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Hairline vertical cracks in reinforced masonry wall of shopping mall[Subject Prev][Subject Next][Thread Prev][Thread Next]
- To: SEAINT Listservice <seaint(--nospam--at)seaint.org>, Scott Maxwell <smaxwell(--nospam--at)engin.umich.edu>
- Subject: Hairline vertical cracks in reinforced masonry wall of shopping mall
- From: "Dennis S. Wish, PE" <dennis.wish(--nospam--at)verizon.net>
- Date: Sun, 24 Jul 2005 01:12:01 -0700
I need some advice. I was asked to look at some earthquake damage at a
local shopping mall. The department store manager was sited by the city
after he recent Anza quake for damage at two corners that turned out to
be nothing more than lost mortar at the junction of two walls that were
at the store entry and intersected at an angle. |
However, as I was checking the exterior of the building which is a decorative masonry block about 16 feet high (one story with suspended ceilings inside) I noticed that there were some very fine hairline fractures spaced between ten and fifteen feet apart that extended through the head joints and through the blocks (fracturing the masonry) above. The walls are essentially 100% solid and over 100 feet long. The cracks are not new and appear in places to show signs of an underlaying efflorescence that gave the impression of either a lighter color showing through or a mineral extraction that is a very light coating (it can not be rubbed off).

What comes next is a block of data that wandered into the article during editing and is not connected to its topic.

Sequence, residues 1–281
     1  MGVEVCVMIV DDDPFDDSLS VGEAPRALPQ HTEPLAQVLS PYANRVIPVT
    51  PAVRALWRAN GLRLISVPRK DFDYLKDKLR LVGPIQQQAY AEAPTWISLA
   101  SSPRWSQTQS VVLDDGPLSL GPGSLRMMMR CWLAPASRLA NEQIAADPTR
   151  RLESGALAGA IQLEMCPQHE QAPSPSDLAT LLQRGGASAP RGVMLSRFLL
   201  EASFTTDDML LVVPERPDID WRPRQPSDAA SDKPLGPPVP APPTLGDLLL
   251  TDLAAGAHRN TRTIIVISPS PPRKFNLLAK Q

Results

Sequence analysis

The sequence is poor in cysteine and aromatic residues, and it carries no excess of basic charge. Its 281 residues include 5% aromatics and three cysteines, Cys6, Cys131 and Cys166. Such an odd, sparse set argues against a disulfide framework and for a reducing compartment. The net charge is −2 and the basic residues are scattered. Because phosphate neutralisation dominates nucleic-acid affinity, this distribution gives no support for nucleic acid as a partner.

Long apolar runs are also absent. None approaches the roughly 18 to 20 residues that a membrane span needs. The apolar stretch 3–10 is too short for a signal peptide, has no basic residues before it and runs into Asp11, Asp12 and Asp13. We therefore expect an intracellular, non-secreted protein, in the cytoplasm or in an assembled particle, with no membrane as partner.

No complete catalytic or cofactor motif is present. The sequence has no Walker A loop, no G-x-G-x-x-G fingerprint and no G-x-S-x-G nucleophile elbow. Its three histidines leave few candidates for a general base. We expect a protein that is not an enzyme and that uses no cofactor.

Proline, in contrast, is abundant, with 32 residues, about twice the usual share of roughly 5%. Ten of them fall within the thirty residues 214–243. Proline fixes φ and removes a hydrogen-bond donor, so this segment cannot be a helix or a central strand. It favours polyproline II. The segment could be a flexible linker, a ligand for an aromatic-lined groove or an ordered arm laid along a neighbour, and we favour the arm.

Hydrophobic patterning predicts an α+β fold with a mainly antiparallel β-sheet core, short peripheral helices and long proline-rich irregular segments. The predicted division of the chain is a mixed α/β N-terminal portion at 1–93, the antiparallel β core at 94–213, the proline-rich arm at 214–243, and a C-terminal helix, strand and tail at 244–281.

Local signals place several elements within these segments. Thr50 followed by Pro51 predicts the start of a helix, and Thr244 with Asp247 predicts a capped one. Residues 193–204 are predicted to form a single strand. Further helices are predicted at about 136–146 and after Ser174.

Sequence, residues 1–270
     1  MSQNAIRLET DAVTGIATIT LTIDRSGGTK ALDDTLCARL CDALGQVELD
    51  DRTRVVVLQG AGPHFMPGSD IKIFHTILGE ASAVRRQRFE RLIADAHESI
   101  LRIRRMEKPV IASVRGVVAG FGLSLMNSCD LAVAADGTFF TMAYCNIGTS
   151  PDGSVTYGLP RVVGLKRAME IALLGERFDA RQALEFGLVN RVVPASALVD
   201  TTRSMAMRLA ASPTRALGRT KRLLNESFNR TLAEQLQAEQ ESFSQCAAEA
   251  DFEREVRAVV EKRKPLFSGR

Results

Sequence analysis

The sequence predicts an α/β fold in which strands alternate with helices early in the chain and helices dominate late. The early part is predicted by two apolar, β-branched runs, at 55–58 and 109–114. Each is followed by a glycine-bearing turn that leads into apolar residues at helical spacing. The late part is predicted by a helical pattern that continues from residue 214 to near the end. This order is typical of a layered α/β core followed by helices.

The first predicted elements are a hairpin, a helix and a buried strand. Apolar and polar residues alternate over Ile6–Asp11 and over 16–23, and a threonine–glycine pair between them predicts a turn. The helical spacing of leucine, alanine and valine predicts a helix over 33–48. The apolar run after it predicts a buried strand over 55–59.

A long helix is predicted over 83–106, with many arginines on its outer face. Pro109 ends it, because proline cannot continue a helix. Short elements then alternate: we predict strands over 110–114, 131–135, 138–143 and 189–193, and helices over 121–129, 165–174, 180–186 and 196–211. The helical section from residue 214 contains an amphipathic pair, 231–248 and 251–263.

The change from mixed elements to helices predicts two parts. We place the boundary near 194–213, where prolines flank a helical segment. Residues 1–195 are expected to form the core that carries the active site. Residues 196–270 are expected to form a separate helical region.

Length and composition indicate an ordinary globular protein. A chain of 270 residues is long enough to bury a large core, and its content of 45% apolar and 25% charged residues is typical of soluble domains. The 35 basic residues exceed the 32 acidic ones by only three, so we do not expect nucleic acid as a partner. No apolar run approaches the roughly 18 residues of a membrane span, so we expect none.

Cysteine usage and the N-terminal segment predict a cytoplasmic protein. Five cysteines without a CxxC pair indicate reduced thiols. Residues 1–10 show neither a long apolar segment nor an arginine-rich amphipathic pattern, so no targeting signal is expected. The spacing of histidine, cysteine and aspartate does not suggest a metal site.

At least two sides of the building were accessible for me to walk and I have not had a chance to see any drawings to find out if interior walls may be pounding the masonry during past and more recent earthquake activity. The building was constructed in 1974 (there was a bronze plaque in the flatwork outside the store).
I don't want to mention the store at this time, but would like to get some thoughts if others have seen this type of hairline fracture in other masonry structures - specifically high bay retail establishments with large interior floor space and most likely panelized roof framing. Other portions of the building were different block configuration and I was not able to gain access into these areas to see if there were any indications of cracking like I saw.
The location is the California desert in the Palm Springs to Indio area so we are talking about high differences of interior and exterior temperatures during the summer (my thoughts are temperature induced cracking).
Please e-mail me privately as I get this in digest format and will be leaving for a work/vacation back in Chicago and will be checking mail regularly once I reach Chicago (I'm driving). I would like to have some suggestions for the client who is responsible for all repairs to the building.
PS (Pictures available by request)
Dennis S. Wish, PE
California Professional Engineer
Structural Engineering Consultant
http://wish92253.blogspot.com/ (Photo Blog)
http://www.structuralist.net/Professional.htm (Launch to Professional Discussion Blogs)
760.564.0884 (office - fax)
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